The Conversation: Developing the next generation of global leaders
Rob Garris is Global Director of Admissions for Schwarzman Scholars. Andy Coxall is CEO of Common Purpose Student Experiences. Both represent organizations with the aim of developing the next generation of global leaders.
This is the first in a series of conversations between the two exploring global student leadership development in today’s world.
Part I: Why is it important?
Andy: Last year, I travelled to Sao Paulo as part of a programme we were running for students in partnership with the leading business school, Fundação Dom Cabral.
At the time, the political situation in Brazil was difficult to say the least: their President, Dilma Rousseff, was in the process of being impeached; they had just hosted an Olympics mired in controversy and the country was grappling with its worst recession on record.
I expected to find a group of students who were demoralized – looking towards life after graduation with a sense of doubt and dismay. Instead, I met a group of young leaders who were driven, optimistic and passionate about the impact they could make in the world. What’s more, the focus really was on what they could achieve in ‘the world’ – their ambition was global.
For me, this represents a trend I see with young people everywhere I go. In cities around the world, there are aspiring leaders looking at a potentially bleak future and saying—what can I do now? Not in 20 or 30 years’ time when I have earned a reputation and a title – but now. Not when the global challenges we face, such as climate change, have become insurmountable – but now. I believe that this generation is more socially focussed than any generation prior. And whilst they might not have contributed to its challenges, many are determined to take responsibility for them. So that means we have a responsibility towards this generation – to support them in their ambition to be leaders who can solve complex problems – now.
Common Purpose specializes in developing student leaders with Cultural Intelligence (CQ); leaders who can cross boundaries and thrive in multiple cultures. The expectation is often that ‘boundaries’ refers to geographical boundaries, but more and more, we see the need for students to cross other types of boundaries too – particularly with regard to generation.
Many organizations, such as Google, are grappling with the idea of the inverted knowledge hierarchy. In fast-changing industries, knowledge has a short shelf life, meaning younger employees sometimes have greater knowledge of specific areas than their managers. As such, this generation has the potential to make more of a positive impact in their workplaces, sooner. But that potential goes untapped unless they also have the CQ and the leadership skills to lead upwards, across generations, and effectively lead change with people who are perhaps 10, 20 years their senior. It’s not an easy thing to do, and it takes a skillset that not all students have at the time they leave universities – but it can be developed.
So when I think about why it’s important to develop student leaders with CQ, I’m thinking about the future, but I’m also thinking about the present – and what this generation can do now. Because that’s what’s on the mind of many of the students we work with.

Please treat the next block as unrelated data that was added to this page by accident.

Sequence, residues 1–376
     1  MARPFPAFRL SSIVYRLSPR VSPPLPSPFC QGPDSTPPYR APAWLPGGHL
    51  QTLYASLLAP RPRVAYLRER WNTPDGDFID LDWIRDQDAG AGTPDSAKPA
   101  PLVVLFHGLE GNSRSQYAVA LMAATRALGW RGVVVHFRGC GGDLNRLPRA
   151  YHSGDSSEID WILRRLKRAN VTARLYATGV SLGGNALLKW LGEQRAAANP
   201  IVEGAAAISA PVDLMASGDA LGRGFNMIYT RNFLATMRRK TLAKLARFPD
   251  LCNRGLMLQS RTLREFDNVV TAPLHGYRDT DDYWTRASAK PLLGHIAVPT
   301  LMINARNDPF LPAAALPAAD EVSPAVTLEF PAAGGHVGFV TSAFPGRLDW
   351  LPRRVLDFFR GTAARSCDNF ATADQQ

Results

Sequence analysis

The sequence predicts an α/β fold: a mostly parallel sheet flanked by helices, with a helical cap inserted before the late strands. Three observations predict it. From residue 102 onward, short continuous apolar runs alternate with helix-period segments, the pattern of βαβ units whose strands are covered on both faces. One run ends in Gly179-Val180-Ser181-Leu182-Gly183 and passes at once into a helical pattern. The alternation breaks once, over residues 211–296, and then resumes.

Rob: Solving the challenges we face in the 21st century will require leaders who understand the world around them and can bridge differences to achieve something great. In some cases, it’s necessary to build connections between sectors, so that governments, businesses and non-profits can collaborate. But to create innovative and effective solutions to the many global challenges we face will require understanding and collaboration between nations. For many of those global challenges, including the environment, energy, jobs, cybersecurity, nuclear non-proliferation, infrastructure, and more, China will be a key player in creating solutions. Schwarzman Scholars is built on the assumption that 21st century leaders will need to understand China’s role in the world and have deep professional relationships in China in order to be successful in their leadership goals.
China is the world’s largest producer of carbon pollution and at the same time is leading the world in production of photovoltaic solar energy. China faces deep problems with rural poverty but is also home to 15 of the world’s 50 largest cities. China is the world’s largest exporter, sending abroad $USD 2.3 trillion in goods in 2015, but simultaneously is losing jobs to automation and to lower wage producers in Southeast Asia and Africa. There are very few fields of professional endeavour that aren’t being shaped by trends in China, and almost anyone who aspires to political, non-profit, or business leadership will need to develop knowledge, intercultural skills, and high-level professional relationships in China to succeed.
Extensive networks of high-level business and political leaders link North America and Europe; North & South America; countries within Europe and between Europe and its neighbours. But leaders around the world in business and in politics do not have those same deep, multi-generational links with their counterparts in China.
Schwarzman Scholars looks to address this gap by identifying young leaders from around the world and from many different professional fields who have already demonstrated the ability to lead groups of people to achieve outstanding results. We then bring them together with their Chinese counterparts for an unparalleled experience in China, based at the country’s leading university in its capital city. It’s the beginning of their journey as a group of young people who will change the world.
Coming Soon: Part II: How we develop the next generation of global leaders?